It’s no secret that I’m a fan of Notion for basically everything: Note-taking, video scripting, blog writing, and journaling. For the past 30 days, since I’ve been made redundant from my job, I took it upon myself to embark on a journey of self-improvement. Part of that journey involved introspection. Something I’d shied away from, similarly to meditation, which I’ve now taken up as well and will be writing on soon enough. But, just in the way meditation helped with clearing my thoughts, journaling my thoughts at the end of the day helped keep both my positive and self-defeating emotions in check. Or at least out in the open where I could confront them. Of course, with all new things, it didn’t come immediately. It is possible to be shy even when you’re talking to yourself. But after a few days, I noticed my journals getting longer, and I found it easier to compile my thoughts into something that made sense. It was easier to look back at my day and reflect on what I thought went well, what needed improvement, and what should be avoided.
As I said, it didn’t come easy the first few days. My journals were short and I wasn’t sure what to write, or if what I wrote made sense. Which is dumb if you think it through. I’m only talking to myself after all. Below is a screenshot of my first journal when I started this on 11.20.20:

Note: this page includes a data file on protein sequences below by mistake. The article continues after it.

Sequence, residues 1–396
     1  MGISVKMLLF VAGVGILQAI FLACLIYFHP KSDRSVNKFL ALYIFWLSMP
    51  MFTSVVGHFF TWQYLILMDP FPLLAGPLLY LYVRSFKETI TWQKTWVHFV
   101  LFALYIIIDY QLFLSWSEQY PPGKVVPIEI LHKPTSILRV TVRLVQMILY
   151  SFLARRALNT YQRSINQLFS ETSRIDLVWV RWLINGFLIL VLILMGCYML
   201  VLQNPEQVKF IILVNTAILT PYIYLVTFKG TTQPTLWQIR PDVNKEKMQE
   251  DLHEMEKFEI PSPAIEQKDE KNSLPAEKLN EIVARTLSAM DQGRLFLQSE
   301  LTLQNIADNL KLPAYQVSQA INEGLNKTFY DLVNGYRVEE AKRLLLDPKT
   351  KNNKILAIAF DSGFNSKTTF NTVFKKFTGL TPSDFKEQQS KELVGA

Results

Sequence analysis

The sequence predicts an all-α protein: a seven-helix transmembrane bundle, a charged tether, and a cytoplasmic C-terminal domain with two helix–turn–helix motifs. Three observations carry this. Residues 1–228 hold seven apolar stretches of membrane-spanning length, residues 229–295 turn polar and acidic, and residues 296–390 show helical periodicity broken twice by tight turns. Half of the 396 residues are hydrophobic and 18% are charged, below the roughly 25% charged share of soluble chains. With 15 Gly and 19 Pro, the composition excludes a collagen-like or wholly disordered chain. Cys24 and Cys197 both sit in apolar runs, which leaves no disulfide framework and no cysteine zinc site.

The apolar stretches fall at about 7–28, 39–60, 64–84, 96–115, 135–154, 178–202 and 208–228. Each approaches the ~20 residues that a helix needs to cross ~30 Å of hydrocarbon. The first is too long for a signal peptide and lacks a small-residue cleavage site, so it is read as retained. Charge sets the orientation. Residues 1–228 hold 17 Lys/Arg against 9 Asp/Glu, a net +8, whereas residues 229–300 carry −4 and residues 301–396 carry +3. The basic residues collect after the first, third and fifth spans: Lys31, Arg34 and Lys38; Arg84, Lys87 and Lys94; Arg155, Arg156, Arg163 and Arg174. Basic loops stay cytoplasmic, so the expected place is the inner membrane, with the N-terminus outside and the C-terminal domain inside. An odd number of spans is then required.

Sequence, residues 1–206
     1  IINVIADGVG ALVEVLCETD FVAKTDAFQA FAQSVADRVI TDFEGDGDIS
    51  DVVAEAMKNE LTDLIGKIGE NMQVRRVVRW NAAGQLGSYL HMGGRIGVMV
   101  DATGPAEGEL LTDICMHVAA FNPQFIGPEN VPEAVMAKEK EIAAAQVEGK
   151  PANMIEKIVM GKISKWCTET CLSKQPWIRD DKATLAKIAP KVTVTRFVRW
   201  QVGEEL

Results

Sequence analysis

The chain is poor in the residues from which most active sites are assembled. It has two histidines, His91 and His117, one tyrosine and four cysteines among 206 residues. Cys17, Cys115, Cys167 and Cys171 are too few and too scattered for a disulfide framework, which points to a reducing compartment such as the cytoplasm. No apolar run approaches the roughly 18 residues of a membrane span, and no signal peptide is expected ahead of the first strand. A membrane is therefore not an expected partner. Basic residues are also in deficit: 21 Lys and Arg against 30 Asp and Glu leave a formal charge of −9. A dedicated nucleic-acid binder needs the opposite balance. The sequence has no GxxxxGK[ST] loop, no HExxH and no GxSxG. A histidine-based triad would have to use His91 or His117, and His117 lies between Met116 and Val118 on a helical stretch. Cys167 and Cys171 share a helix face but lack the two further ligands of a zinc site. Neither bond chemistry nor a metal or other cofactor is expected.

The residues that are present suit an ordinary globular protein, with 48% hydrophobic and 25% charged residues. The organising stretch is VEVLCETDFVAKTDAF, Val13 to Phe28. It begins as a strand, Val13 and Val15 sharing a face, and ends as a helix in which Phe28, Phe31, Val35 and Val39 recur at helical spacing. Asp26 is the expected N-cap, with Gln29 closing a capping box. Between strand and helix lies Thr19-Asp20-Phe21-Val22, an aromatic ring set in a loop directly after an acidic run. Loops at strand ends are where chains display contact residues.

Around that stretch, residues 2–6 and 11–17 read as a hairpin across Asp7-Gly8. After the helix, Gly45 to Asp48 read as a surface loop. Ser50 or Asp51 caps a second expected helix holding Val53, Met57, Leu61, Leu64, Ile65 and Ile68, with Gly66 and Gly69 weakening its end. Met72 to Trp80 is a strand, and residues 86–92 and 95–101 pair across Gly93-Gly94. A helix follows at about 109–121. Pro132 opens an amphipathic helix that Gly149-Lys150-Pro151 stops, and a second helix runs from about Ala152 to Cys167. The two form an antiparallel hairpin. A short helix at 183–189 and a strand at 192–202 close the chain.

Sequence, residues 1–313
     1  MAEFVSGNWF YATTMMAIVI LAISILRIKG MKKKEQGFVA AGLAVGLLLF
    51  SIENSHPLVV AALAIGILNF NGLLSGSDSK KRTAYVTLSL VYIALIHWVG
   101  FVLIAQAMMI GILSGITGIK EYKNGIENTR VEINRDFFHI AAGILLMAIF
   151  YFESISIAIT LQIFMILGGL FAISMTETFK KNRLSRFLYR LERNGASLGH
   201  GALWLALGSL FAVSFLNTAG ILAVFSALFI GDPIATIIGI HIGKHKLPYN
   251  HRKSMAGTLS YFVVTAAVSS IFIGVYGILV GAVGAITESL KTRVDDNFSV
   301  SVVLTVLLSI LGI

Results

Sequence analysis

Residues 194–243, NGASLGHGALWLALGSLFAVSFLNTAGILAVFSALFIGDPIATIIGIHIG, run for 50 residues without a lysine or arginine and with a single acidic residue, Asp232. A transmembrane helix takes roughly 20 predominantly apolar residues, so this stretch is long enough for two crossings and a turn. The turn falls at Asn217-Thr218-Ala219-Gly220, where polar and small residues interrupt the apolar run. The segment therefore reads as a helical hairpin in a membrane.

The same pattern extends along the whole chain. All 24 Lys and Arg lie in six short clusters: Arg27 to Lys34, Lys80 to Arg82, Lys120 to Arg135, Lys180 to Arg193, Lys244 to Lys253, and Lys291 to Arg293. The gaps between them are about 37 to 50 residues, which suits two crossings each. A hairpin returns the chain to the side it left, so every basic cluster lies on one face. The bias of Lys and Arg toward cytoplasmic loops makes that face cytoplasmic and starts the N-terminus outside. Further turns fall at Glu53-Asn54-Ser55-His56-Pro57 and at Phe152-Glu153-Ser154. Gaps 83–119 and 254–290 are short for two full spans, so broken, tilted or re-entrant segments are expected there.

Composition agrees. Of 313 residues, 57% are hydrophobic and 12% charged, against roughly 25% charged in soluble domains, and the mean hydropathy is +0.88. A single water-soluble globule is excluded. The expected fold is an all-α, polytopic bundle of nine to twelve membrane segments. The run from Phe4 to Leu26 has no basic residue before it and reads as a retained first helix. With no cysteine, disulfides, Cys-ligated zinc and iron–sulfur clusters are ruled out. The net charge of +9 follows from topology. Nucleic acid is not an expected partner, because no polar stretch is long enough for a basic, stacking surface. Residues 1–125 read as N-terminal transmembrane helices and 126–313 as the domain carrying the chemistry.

It’s small. I was self-conscious about journaling even though I’m really the one who’s going to see them. Eventually, though, I got better at sharing my thoughts with myself:
I use Notions daily journal template which asks that I detail my intentions for the day, what happened that day, the things I’m grateful for (I choose to write down 3 every day,) and my task list for the day which I combine with Notions built-in task list. I touch the journal twice a day. Once in the morning to gather my thoughts and goals and tasks for the day, and at the end of the day to reflect and gauge if I met the goals and intentions I set for myself. Below is a screenshot of my intentions from 11.22.20:
Would I recommend journaling for everyone? Absolutely. Does it need to be every day? Probably not. Especially if you’re like me and stuck in the house on quarantine:
For me, it was hard to keep track of a digital journal and remember to write in it every day. While I wouldn’t recommend going out and buying a moleskin journal, if you intend on taking up the habit of talking to yourself, remember to do it more often than not. I found myself forgetting for several days at a time that I was journaling. Once I got back into it though, I did remember the benefits.
What are the benefits? Well, self-reflection is a great tool that can be carried with you every day. If you get better at recognizing when you are being self-destructive or recognizing what you are grateful for every day, you can take that with you and it does genuinely make your days easier. Additionally, writing every day and making yourself a better writer who can organize your thoughts more clearly will pay off in dividends in your professional life. Even if you don’t intend on being a writer. Someone who can organize themselves and their thoughts will thrive.
So remember, talk to yourself. Become friends with yourself. Keep yourself accountable. You will one day thank your past self for starting that journey of introspection and for keeping you healthy, motivated, and productive.
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